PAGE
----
The basic premise of the story is Kate has cancer. Her parents decide to have another baby as her donor. Everyone fights like crazy to get what they need in this highly dysfunctional, yet loving, family. Everything revolves around their daughter’s illness. Everything.
When I first read the book I was quick to judge the mother. I thought she was a little nuts. This time I realized that all moms are a little nuts. I’m nuts. Maybe I’m more than I otherwise would be since Nathan arrived on the scene with all of his special needs and medical challenges, but regardless I do some extreme things on behalf of my children.
Love motivates us to do some drastic things. Loving and life is not always as simple as it seems.
Anyone who believes that people have ultimate control of what life hands to them needs only to spend a day in the shoes of a child with leukemia. Or her mother.” – Jodi Picoult
Even from a secular standpoint this author touches on the sovereignty of God. It gives you a lot to think about.
Thought provoking and extremely well written. I doubt you could read this book without feeling highly passionate about one or more of the characters. Maybe this time, think of it from the perspective of someone who has a sick child. I’m not saying that I would have chosen the same for my child, only that I hope next time I come across something so controversial I’m not so quick to judge lest I find myself in similar shoes.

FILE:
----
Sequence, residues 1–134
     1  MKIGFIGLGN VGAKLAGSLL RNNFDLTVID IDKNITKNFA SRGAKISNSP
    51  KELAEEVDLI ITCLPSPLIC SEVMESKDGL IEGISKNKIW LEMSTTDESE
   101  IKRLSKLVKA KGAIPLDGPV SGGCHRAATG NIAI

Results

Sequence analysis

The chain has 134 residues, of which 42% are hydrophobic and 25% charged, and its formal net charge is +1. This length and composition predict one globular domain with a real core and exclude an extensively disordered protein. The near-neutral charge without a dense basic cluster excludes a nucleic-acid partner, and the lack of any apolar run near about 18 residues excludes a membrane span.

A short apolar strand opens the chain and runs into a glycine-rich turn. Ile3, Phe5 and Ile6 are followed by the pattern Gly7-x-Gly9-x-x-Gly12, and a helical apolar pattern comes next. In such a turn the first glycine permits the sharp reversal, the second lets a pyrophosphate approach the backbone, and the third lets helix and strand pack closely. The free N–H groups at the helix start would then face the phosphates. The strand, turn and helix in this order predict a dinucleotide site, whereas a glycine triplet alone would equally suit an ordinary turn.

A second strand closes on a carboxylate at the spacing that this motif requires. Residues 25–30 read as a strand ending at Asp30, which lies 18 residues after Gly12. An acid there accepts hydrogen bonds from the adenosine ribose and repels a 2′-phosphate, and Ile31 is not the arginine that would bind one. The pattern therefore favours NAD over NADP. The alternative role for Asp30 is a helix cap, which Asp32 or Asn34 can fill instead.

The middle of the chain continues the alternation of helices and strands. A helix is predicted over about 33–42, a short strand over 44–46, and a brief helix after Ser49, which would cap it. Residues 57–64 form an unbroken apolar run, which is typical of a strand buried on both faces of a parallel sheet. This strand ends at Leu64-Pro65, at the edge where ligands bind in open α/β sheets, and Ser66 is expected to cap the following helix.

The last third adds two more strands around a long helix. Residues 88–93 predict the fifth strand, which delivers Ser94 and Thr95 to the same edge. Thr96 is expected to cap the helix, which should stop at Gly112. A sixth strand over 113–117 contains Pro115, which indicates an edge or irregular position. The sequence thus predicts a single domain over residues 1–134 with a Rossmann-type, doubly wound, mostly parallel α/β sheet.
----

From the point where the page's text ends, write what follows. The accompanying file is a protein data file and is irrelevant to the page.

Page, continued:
The human capacity for burden is like bamboo–far more flexible than you’d ever believe at first glance. It seems to me…that a parent falls in one of two ways when told a child has a fatal disease. Either you dissolve into a puddle, or you take the blow on the cheek and force yourself to lift your face again for more. In this, we probably look a lot like the patients.” – Jodi Picoult
My book, Beauty in Broken Dreams: A Hopeful Handbook for the Early Years as a Special Needs Parent, is now available on Amazon!
Also be sure to check out my list of Favorite Books on Disability!